Archaeological Discoveries During MTR Construction: Balancing Cultural Preservation and Construction Costs
Ancient relics have been discovered during recent MTR construction works, which are likely to make significant contributions to our knowledge of and understanding of Hong Kong’s past. However, the excavation and the follow up preservation work on construction sites that become important archaeological sites need to be managed carefully in this rapid developing city. The shortage of land in Hong Kong has already caused intensive argument between preserving the heritage and developing the city.
The ancient wells found in the MTR construction site causes massive delay of the construction work is an excellent example to demonstrate the conflicts between the economic development and archaeological preservation. Archaeological discoveries, including two complete ancient square wells dated back to Song Dynasty have been found during the construction of the Shatin-Central Link (SCL) of MTR Corp. The work was suspended due to the research and archaeological excavation, which cause the finishing date of the construction expect to delay for at least a year longer than the target; the government would have to pay the contractor millions of dollars in penalties each day (SCMP).
Once relics or artifacts are unearthed during the construction process, the archaeological rescue excavation needs to be carried out immediately because once the artifacts being exposing to the air, the deterioration process begins. Therefore, construction work had to be suspended, until the archaeological excavation and research process is finished. Researchers and experts find, record, and collect new findings and information, and quality finds enrich the knowledge of Hong Kong’s ancient history and culture. For example the wells found at the MTR sites, together with thousands of artefacts and relics sites, are believed by archaeologists to belong to China’s Song Dynasty, which is an empire of this land about a thousand years ago (SCMP). The cultural value of the discoveries is incredible and cannot be calculated by money. If the site was not developed for the new MTR railway station, those relics and artefacts and the important message behind them would remain buried in dirt forever, however with the construction needing to take place, decisions on the relocation or preservation of the site need to take place promptly to allow projects to progress but also to seize important opportunities to better understand our history and culture.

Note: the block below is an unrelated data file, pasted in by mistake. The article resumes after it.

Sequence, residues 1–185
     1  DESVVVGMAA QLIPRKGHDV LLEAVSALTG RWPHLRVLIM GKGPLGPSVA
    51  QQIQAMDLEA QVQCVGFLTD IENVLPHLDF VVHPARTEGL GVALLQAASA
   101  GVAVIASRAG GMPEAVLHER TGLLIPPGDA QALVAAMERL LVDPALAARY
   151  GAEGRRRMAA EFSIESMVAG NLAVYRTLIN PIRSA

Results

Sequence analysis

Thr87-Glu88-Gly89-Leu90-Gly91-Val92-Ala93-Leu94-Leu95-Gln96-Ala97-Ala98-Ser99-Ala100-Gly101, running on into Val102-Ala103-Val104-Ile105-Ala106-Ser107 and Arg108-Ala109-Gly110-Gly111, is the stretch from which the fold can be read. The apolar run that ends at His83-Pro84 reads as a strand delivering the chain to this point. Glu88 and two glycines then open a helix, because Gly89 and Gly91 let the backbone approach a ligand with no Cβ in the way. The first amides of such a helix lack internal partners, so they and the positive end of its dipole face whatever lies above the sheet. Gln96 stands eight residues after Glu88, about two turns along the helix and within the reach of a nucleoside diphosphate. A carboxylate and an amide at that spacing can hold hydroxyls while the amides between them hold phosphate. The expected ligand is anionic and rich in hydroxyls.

After the excavation on site, the preservation of the site and changing construction plans can sometimes be necessary, especially if the site is actually the artifacts, such as the old wells in the MTR construction site mentioned. If the wells have to be preserved in situ, then the original design of the station may lead to change. For example, one of the wells found in MTR sites is located within the premise of the To Kwa Wan station and may lead to change or cancellation of the exit that connects Pak Tai Street (SCMP).
As a coin has two sides, archaeological excavation and preservation brings conflicts and problems. These problems are as worth mentioning as the value of the archaeological relics. As mentioned above, the excavation and preservation of the archaeological sites can cause millions of dollars tax money loss every day. Beside this ancient relics discovery, the conflicts between different historical buildings, heritage and construction development of the cities are very common in Hong Kong. Once conflicts occur, construction works are inevitably affected; delay would be one of the most common results. Once delay occurs, penalties and costs would be demanded by one side to the other. As mentioned above, the MTRC may need to pay millions of dollars penalty to the main contractors every day for genuine out of pocket costs that are incurred from a live site having to stop construction work. Besides of the money issue, the change and redesign of the construction plan, the use of the land (if the preservation is in situ, then the land cannot be used as construction/ other development any more or in the way originally intended) are all causing impacts and demands towards our society not only economically, but also socially.
The balance between economic development and archaeological and cultural preservation is a big issue and with many archaeological relics buried deep inside the soil, there is always the chance of unexpected finds coming to light that can cause conflicts, delay and unexpected costs that need to be evaluated and managed carefully. When handled well, Hong Kong can be proud of its care to both respect and preserve the past as well as develop its economic and social future.
Hong Kong Office